L.A. Students Confront Border Issues in World Premiere Drama
California Institute of the Arts (CalArts) Community Arts Partnership (CAP) presents behind barbed wire at Plaza de la Raza and REDCAT
Valencia, CA, April 27, 2009--Young people, collaborating with playwright Virginia Grise, blend personal experience with historical accounts to create behind barbed wire. A hard-hitting exploration of issues surrounding immigration in America, this original theatrical production receives its world premiere at Plaza de la Raza on May 1, 2009. This is the 19th annual production from CalArts Community Arts Partnership's (CAP) acclaimed theater program at Plaza de la Raza in East Los Angeles. Performances continue at Plaza de la Raza through May 9, with additional performances at the Roy and Edna Disney/CalArts Theater (REDCAT) located in the Walt Disney Concert Hall complex on May 23 and 24.
Nearly 50 teenaged actors and writers worked together to develop the material Grise crafted into behind barbed wire. "Young people have powerful stories to tell us and are often ignored," said Grise. "The students' words create a collage of personal and family stories--histories of immigration, deportation, incarceration and protest. They share their visions of the future. Speaking in a chorus and as individuals, the interwoven stories become a kind of music."
Beginning in fall 2008, students embarked on a collaborative process in which they combined their own stories with a larger political and historical context. Events such as the mass deportation of Mexicans during the Great Depression and the internment of Japanese Americans during WWII are woven together with accounts of boycotts led by farm workers in the 1970s, as well as the mass immigration rights marches of the present era.
During the creation of behind barbed wire, CAP/Plaza Theater students traveled south of San Diego, to a spot where divided families meet to communicate through the U.S./Mexico border fence. There, the students experienced the human face of today's immigration debate. For example, 15-year-old Alejandra Suayde observed a young couple talking to an older woman on the Mexican side of the fence. "The girl's fingers were holding on to the lady's fingers through the fence. They wanted to hold hands but they couldn't," said Suayde. The students took such observations back to the theater space at Plaza de la Raza and applied them to the writing and theater exercises that created behind barbed wire.
behind barbed wire is staged by CAP Theater Program director B.J. Dodge and CalArts School of Theater movement instructor Marvin Tunney, with original music by composer Alexandro Hernandez. It is the 19th production created by CAP students in collaboration with distinguished theater artists. Previous productions have dealt with the Spanish conquest of the Americas, the 1992 Los Angeles riots, and with the impact of the war in Iraq on U.S. soldiers and their families.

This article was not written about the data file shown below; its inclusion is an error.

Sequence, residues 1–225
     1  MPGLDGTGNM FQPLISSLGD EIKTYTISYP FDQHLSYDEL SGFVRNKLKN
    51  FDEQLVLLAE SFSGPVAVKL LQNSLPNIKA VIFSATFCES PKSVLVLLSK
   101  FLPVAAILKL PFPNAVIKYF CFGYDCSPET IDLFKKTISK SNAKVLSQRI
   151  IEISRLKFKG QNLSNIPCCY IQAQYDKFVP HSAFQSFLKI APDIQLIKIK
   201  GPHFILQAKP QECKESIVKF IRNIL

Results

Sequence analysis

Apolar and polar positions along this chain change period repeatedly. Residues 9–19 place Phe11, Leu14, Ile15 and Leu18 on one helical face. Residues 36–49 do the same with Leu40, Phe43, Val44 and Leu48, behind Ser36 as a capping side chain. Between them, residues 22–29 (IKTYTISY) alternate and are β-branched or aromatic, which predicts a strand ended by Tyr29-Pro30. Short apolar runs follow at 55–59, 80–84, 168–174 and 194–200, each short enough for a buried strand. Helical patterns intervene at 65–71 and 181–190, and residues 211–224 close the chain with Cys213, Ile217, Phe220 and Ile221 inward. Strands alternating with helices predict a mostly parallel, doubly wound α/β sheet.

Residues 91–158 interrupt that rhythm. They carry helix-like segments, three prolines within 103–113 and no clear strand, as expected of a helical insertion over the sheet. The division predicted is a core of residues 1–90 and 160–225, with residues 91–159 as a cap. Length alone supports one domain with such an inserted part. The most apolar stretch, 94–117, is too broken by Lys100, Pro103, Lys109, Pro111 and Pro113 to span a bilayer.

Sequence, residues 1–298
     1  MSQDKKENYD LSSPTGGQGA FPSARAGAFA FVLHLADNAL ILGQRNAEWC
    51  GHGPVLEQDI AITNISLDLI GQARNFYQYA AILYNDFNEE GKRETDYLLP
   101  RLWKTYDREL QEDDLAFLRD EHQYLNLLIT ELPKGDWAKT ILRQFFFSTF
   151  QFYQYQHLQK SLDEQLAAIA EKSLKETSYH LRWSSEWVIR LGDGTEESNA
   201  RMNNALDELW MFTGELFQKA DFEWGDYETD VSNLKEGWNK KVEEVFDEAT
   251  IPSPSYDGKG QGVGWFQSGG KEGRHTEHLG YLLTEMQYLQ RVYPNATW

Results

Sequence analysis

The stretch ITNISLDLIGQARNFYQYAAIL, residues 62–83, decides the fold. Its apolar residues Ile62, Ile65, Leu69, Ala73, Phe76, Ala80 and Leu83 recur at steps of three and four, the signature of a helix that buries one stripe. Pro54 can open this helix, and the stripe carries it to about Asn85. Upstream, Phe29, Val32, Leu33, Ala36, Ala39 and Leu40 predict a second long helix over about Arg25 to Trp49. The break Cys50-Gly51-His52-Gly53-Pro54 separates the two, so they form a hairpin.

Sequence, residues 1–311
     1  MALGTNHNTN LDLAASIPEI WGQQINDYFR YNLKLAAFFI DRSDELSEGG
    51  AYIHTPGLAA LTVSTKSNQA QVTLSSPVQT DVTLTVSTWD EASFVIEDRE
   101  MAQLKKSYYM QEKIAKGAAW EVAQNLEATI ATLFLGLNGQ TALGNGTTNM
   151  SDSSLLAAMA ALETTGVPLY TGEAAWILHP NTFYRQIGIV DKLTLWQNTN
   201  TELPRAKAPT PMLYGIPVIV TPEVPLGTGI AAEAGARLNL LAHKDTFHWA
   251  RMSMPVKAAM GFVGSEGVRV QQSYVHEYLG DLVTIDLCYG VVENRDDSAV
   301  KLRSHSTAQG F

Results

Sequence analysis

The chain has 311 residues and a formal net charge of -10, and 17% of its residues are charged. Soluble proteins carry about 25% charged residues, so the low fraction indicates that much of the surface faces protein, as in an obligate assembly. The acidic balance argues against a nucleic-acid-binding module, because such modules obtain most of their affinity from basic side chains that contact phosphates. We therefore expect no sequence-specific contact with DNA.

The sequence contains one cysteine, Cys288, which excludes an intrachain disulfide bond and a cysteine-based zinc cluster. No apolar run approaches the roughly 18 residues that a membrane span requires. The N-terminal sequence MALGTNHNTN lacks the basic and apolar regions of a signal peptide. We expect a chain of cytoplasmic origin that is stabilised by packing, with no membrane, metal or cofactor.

behind barbed wire will open May 1 at 7:30 pm at the Margo Albert Theater at Plaza de la Raza. The performances will continue at Plaza de la Raza on May 2 and 8 at 7:30 p.m., and again on May 9 at 2:00 p.m. and 7:30 p.m. Additional performances will be presented at REDCAT on May 23-24 at 7:30 p.m.
Admission is free, but reservations are strongly recommended. Reservations for shows at Plaza de la Raza can be made by calling 323.223.2475. Reservations for REDCAT may be made online at www.redcat.org; via the REDCAT box office located at the corner of 2nd and Hope Streets; or by calling 213.237.2800.
ABOUT VIRGINA GRISE
Virginia Grise is a Chicana cultural worker, installation artist, writer and teacher who has facilitated organizing efforts among women, immigrants and the incarcerated, and among working class, Chicano and queer youth. An MFA student in the Writing for Performance program at California Institute of the Arts, Grise also teaches theater and writing classes to high school and junior high school students in the Eastside of Los Angeles through the CalArts Community Arts Partnership (CAP).
CAP provides participating youth with challenging learning environments for artistic experimentation and creates access to higher education. Approaching its 20th anniversary, this nationally recognized program is unique in its field. The employment of CalArts faculty and students as CAP instructors--and the location of classes in the neighborhoods it serves--set CAP apart from other community arts programs. Mirroring the disciplines taught at CalArts, CAP offers training in jazz, printmaking, photography, digital media, video, drawing, animation, dance, theater, puppetry, writing, chamber music, global music and graphic design. The program offers more than 40 in-depth arts programs free-of-charge for elementary, middle and high school students and annually engages 5,000 students while another 10,000 participate in short-term workshops.
CAP has received numerous awards, including:
The 2008 John Anson Ford Human Relations Award from the Los Angeles County Commission on Human Relations
The 2006 Ovation Award for Community Outreach from the Los Angeles Stage Alliance
The 2004 Coming Up Taller Award for outstanding community arts and humanities programs that celebrate the creativity of America's young people (a national award)
California Institute of the Arts is recognized internationally as a leading laboratory for the visual, performing, media and literary arts. Housing six schools--Art, Critical Studies, Dance, Film/Video, Music, and Theater--CalArts educates professional artists in an intensive learning environment founded on art-making excellence, creative experimentation, cross-pollination among diverse artistic disciplines, and a broad context of social and cultural understanding. CalArts also operates the Roy and Edna Disney/ CalArts Theater (REDCAT) located in the Walt Disney Concert Hall complex in downtown Los Angeles.